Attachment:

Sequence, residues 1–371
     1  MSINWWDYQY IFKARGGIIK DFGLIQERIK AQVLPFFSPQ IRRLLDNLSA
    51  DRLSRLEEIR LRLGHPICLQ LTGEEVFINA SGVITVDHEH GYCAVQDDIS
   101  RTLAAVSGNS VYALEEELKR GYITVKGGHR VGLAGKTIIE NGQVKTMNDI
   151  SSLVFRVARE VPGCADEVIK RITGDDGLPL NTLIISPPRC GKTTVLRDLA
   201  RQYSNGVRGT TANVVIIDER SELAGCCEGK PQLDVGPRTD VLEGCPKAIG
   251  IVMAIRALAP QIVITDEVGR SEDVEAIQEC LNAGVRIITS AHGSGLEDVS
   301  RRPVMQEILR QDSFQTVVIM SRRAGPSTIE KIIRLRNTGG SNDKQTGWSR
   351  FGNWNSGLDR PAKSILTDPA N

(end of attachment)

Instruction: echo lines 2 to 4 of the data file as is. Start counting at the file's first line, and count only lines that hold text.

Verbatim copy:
     1  MSINWWDYQY IFKARGGIIK DFGLIQERIK AQVLPFFSPQ IRRLLDNLSA
    51  DRLSRLEEIR LRLGHPICLQ LTGEEVFINA SGVITVDHEH GYCAVQDDIS
   101  RTLAAVSGNS VYALEEELKR GYITVKGGHR VGLAGKTIIE NGQVKTMNDI